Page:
Bernard E. Doering, professor emeritus of Romance languages and literatures at the University of Notre Dame, died July 9. He was 91.
A member of the Notre Dame faculty since 1965, Doering was born in St. Louis, Missouri, where he attended McBride High School for a year before entering the postulancy of the Marianist religious order in Kirkwood, Missouri.
After his graduation from the University of Dayton in 1944, he taught for seven years in Marianist high schools in Chicago, St. Louis, and Milwaukee and in 1951 entered the Marianist novitiate for theological studies in Fribourg, Switzerland, where he eventually discovered that his vocation lay elsewhere. Before returning to St. Louis in 1955, Doering spent months hitchhiking throughout post-World War II Europe.
He earned a master’s degree in English from Washington University in 1955. A year later, while attending summer school at Laval University in Quebec, he met Elizabeth Jane O’Connor (now Elizabeth Jane Doering, professional specialist emerita in the College of Arts and Letters). The couple married in 1958.
Doering and his wife moved to Helena, Alabama, where they both taught at Indian Springs School, a private secondary school for boys that curiously required that all its students be from south and all its teaching staff from north of the Mason-Dixon Line. The Doerings left Indian Springs in 1963, and Bernard earned a doctoral degree from the University of Colorado in 1965, writing a thesis on what would become his principal scholarly interest for the rest of his life, “Jacques Maritain and French Literary Figures in the Political and Social Turmoil of 1920-1950.”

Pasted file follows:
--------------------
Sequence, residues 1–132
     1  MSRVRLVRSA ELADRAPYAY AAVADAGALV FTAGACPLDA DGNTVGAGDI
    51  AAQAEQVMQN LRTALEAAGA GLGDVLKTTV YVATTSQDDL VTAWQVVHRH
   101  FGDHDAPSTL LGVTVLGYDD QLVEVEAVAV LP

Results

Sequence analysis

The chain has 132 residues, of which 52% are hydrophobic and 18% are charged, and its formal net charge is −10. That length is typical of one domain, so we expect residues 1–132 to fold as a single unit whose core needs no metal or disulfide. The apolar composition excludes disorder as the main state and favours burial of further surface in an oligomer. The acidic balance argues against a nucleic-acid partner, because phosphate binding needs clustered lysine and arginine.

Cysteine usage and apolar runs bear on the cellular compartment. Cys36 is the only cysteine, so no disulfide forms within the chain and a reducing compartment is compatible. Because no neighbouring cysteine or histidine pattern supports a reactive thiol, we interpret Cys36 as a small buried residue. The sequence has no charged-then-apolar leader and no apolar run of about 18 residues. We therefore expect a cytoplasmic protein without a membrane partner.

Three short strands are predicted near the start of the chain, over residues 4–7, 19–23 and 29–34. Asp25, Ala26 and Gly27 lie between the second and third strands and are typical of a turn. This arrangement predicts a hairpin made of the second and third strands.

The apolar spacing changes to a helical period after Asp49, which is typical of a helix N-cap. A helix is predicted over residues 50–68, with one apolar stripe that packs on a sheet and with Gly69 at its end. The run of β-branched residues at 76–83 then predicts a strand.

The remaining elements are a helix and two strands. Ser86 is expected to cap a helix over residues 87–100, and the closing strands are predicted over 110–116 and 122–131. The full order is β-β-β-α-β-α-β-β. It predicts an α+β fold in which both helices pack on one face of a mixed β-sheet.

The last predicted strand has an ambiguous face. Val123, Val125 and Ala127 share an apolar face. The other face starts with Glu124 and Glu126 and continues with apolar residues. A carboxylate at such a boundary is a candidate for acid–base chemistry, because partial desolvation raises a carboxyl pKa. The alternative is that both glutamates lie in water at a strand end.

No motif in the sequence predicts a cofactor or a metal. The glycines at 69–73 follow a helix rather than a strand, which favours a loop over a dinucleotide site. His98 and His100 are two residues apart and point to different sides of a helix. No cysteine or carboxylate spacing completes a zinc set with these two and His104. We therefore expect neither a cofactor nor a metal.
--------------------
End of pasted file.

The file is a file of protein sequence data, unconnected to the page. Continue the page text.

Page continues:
At Notre Dame, Doering soon became a popular and affectionately regarded teacher and mentor. Among the pioneers of the University’s international studies programs, he played an indispensable role in establishing and developing the Notre Dame program in Angers, France, in which more than 3,000 Notre Dame students have been enrolled.
One of those alumni, 1969 Notre Dame graduate Rev. Patrick Gaffney, C.S.C., now associate professor of anthropology at Notre Dame, said that “as a scholar, teacher, and translator, Bernard combined professional competence, poetic fervor, and spiritual insight in a way that brightened minds, nourished hearts, and inspired imitation. The wisdom he sought and shared was founded on an alloy of conviction, compassion, and courage of a sort that is rarer than celestial star dust.”
The recipient of numerous University awards for his teaching and service, Doering also wrote articles and essays in such journals as The Review of Politics, Commonweal, The New Oxford Review, Theological Studies, and Communio. Books he wrote, translated, and edited include Jacques Maritain and the French Catholic Intellectuals, The Philosopher and the Provocateur: The Correspondence of Jacques Maritain and Saul Alinski, and Jacques and Raïssa Maritain: Beggars for Heaven, a Biography by Jean-Luc Barré.
Doering died at his home in South Bend, surrounded by his family and friends, sharing the Prayer of Saint Francis. He is survived by his wife, their four children, and 10 grandchildren.
Doering has donated his body to the Anatomical Education Program of the Indiana University School of Medicine. A Mass in celebration of his life will be offered at 3 p.m. on Saturday, August 13, in the Church of Loretto at Saint Mary’s College.
The family asks that memorial donations in his name be made to the Center for Hospice Care, 501 Comfort Place, Mishawaka, IN 46545.
Originally published by news.nd.edu on July 19, 2016.at